If I opened this article by saying these are interesting times, it would illicit everything from a sick chuckle to a wisp of anxiety.
Much of our printing industry is off 20-30% or more in gross revenues. I do not need to tell you how that hits the bottom line. The really good companies I see at this moment are experiencing flat year-over-year comparison revenues. Would you believe there are a few outstanding companies that are actually up? Don’t set this article down just yet as there is opportunity for everyone, even in this environment.
Let’s face it, as a graphics business owner when was the last time you were really, really happy to have a rush order from a poorly organized customer? Right now it brings a smile to our faces and capacity to our facilities. With any luck, we will be seeing that those rush orders are really a door opening for pent up customer demand. It could be a result of our customers running inventories down to what was previously considered unacceptable levels. Let’s hope there are more rush orders to come.
It’s a well used phrase that interesting times like this bring opportunities for those that are looking, but it is still no less true of a paradigm. While a rush order filling pent up demand is welcome activity, there is a more significant opportunity for both those whose revenues are off 30+% and those who are fortunate to have flat or growing revenues, but still have excess capacity.
The significant opportunity I speak of is in the merger/acquisition and consolidation of printing companies. A company that is struggling to make payroll and overhead expenses looks a lot different when it is merged into another similar company. Underperforming businesses often feel like they are between a rock and a hard place. The company may not be doing well enough to stand alone as a desirable business acquisition which would allow the owner to completely “cash out” for retirement. These underperforming companies normally show other stresses when reviewing the business’ financials too.
Of the underperforming businesses I see, merger/acquisition and consolidation candidates come in all sizes and situations. A five-year-old firm’s owner may find he has hit the wall financially and be ready to join a more established firm. A transaction like this would normally include consolidating and/or liquidating equipment, bringing the client base over, and obtaining an employment agreement as part of the transaction structure. Surprisingly, there is often enough money to go around in these scenarios because of the economies of scale. Structured properly, a scenario like this can bring a sigh of relief to a financially stressed underperforming owner and a welcome increase of revenue and profitability for the acquiring company.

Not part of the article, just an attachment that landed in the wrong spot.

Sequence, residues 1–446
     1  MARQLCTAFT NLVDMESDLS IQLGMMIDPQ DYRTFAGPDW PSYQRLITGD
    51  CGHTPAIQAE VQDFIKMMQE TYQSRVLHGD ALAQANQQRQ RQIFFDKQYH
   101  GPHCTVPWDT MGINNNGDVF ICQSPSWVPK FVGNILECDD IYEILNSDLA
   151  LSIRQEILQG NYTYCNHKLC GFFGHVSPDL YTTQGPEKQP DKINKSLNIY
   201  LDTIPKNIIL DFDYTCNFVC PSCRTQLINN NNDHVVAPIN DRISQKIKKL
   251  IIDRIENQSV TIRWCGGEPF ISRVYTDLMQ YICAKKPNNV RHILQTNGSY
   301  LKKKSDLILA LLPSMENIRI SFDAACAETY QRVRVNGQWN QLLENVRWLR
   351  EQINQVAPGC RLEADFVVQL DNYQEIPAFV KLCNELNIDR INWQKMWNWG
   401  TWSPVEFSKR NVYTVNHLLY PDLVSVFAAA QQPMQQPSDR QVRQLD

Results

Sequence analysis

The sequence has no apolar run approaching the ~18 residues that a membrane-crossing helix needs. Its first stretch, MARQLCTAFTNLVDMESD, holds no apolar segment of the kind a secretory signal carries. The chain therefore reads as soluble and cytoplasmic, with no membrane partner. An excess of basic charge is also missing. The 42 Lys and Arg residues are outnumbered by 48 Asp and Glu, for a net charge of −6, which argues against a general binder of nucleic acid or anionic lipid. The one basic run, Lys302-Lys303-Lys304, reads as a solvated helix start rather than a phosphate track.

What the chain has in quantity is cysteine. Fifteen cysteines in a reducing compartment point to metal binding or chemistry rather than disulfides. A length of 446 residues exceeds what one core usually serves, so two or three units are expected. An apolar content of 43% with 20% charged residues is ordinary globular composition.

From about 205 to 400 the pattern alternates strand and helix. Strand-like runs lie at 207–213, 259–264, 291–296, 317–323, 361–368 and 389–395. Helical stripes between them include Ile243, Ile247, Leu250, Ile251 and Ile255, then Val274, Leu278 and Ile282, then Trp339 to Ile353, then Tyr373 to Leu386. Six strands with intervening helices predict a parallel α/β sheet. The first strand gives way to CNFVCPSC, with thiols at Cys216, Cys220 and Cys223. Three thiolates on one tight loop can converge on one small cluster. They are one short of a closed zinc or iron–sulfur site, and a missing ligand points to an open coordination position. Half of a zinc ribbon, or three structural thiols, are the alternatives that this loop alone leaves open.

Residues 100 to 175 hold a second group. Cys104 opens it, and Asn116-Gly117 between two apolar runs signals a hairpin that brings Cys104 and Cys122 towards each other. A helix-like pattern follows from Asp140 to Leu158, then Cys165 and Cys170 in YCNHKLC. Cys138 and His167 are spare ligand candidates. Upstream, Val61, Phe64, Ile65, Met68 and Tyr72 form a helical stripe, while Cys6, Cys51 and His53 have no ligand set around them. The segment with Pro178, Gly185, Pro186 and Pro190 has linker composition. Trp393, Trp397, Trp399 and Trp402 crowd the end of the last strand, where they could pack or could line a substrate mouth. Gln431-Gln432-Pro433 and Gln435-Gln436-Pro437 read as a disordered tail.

Another scenario I experience would be a 20+ year old firm that is also seeing hard times. I often see businesses like this that were once quite a bit larger, but have not or can not shed the historic overhead issues to remain as a profitable standalone company. There is normally a significant client base with these companies, a good reputation, and well trained employees present.
The owner of a 20+ year legacy company can expect a mix of cash and residual payments in their transaction and be able to ride off into the sunset. Not a bad alternative when it seems like everything an owner has worked for over the years is going down the proverbial drain. There is also the added comfort for this owner of knowing some of his valuable employees will remain employed in the merged entity and the client base will be well taken care of, each of which had been like family to him.
Take a Chance?
For those of you with good or even great companies who are feeling fortunate for only being flat with revenues, there is no time like the present to increase market share and profitability. Because the competitive buyer pool for acquiring underperforming companies is much smaller than for those businesses that can stand on their own in a transaction, industry buyers not only have an advantage but may actually be the best and most viable alternative for these legacy companies.
Structured properly, these mergers/acquisitions and consolidations of industry players can be win/win situations for both sides.
George Hicks is a senior VP at Business Team Business Sales and Acquisitions in Southern California. He specializes in the printing related industries, with 30+ years of experience. He can be reached at 310/539-8300 or firstname.lastname@example.org.